No, not the Eisner Award-nominated comic book by Christian Gossett, designer of Darth Maul's double-bladed lightsaber. Rather, I'm here to discuss the excellent PS2 game based on that comic.
Released in 2007 after years of delays, The Red Star was to have been one of the last games by Acclaim. Acclaim went under in 2004 while the game was still in development--a shame because it would have been the company's finest title by far--but at least, three years later, players were able to enjoy the finished product courtesy of publisher XS Games. An inspired mash-up of side-scrolling beat 'em up, bullet hell shoot 'em up, and top-down multi-directional shooter, it is simply one of the best arcade-style action games I've ever played.
The bulk of the game plays out like a classical arcade brawler. One or two players proceed, mostly from left to right, through linear stages. Every screen-length or so, a pack of enemies must be eliminated before the players may progress. Combat is mostly hand-to-hand, but the game's main twist is that the player characters also come equipped with guns. This combination of melee and gun combat is reminiscent of the Alien vs. Predator arcade game, probably the best of the Capcom beat 'em ups I've played. A more current comparison might be Capcom's Devil May Cry, with its mix of swords and guns, but The Red Star actually does a better job of balancing the practical effectiveness of each, encouraging constant and seamless switching between the two for more than just showboating.
Melee attacks are still the most effective offense, but you'll regularly find yourself chipping away with the guns for free damage from a distance or offering support to your partner on the other side of the screen. There are also certain enemies that can only be disposed of with bullets, and most enemy groups contain one or two foes that are themselves long-range fighters, forcing you to be just as flexible when taking on these diverse parties. Also, just like in Alien vs. Predator, the guns overheat if you hold down the shoot button too long, at which point you must wait for them to fully cool down before firing again.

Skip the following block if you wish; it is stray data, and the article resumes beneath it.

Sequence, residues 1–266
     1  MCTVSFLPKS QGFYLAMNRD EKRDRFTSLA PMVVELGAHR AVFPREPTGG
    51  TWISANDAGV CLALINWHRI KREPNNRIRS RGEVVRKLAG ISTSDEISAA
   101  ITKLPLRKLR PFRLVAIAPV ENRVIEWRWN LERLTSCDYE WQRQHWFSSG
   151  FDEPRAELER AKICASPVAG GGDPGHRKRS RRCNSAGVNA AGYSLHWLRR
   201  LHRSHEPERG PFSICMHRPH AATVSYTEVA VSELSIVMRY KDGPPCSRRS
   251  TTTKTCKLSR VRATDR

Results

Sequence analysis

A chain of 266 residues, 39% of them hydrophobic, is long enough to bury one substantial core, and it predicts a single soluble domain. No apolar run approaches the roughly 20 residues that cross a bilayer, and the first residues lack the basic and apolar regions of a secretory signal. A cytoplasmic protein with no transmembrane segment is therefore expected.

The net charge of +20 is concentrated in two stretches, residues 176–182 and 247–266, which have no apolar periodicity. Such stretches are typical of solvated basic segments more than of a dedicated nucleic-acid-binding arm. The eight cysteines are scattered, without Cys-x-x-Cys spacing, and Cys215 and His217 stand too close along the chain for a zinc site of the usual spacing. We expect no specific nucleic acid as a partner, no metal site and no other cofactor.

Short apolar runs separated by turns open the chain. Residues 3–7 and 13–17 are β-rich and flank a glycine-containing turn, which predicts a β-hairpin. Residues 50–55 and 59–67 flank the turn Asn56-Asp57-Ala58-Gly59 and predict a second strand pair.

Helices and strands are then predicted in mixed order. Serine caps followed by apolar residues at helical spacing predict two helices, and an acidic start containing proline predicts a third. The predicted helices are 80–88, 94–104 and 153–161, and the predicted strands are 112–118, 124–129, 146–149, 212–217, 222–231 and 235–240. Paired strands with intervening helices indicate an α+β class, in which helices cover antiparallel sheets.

The two player characters even kind of resemble Linn Kurosawa and Dutch, the non-Predator characters from Alien vs. Predator. Makita is the fast female character with quick melee attacks that can be strung into long combos. Kyuzo is a hulking brute with slow but powerful attacks and an impressive beam cannon super move. Beating the game unlocks an entirely unique third character, Maya, who favors ranged "melee" attacks. All three characters feel very different, and each offers more depth than the average beat 'em up character of yesteryear. The most disappointing thing about the game is actually that you cannot change characters during the campaign, except by switching controllers with your partner, assuming that you are playing co-op and you actually selected different characters to begin with. Not only are some sections blatantly better suited for specific characters, but it's a real shame, given how distinct the three of them are, that you do not even get to enjoy the variety on offer without having to start a new save.
At the end of a stage, a "FEALTY IS DUE" warning message will appear and the camera will tilt to a top-down view to signal the arrival of the level boss. Most stages also include a mid-boss or two as well. These bosses are usually mechanical constructs fitted with multiple cannons. It is during these battles that the game really becomes more of a shoot 'em up. Clearly influenced by such classics as Contra, Gradius, and even Ikaruga (there is a boss named "Ikarius"), these fights rival the best in the genre for intricacy and intensity, and it is in balancing these high-level tests of concentration against the more primal joy of the beat 'em up action that The Red Star creates something new and masterful. As enemy bullets flood the screen in manic arrays, your attention must turn to dodging while firing blindly back with your own guns. Melee attacks can still inflict damage, but the head-on approach is impractical at best, suicidal at worst. Early bosses can be outlasted with just a steady hand and attentive eye, but later battles are so hairy that they can only be survived by deciphering the patterns and perceiving the safe spots ahead of time.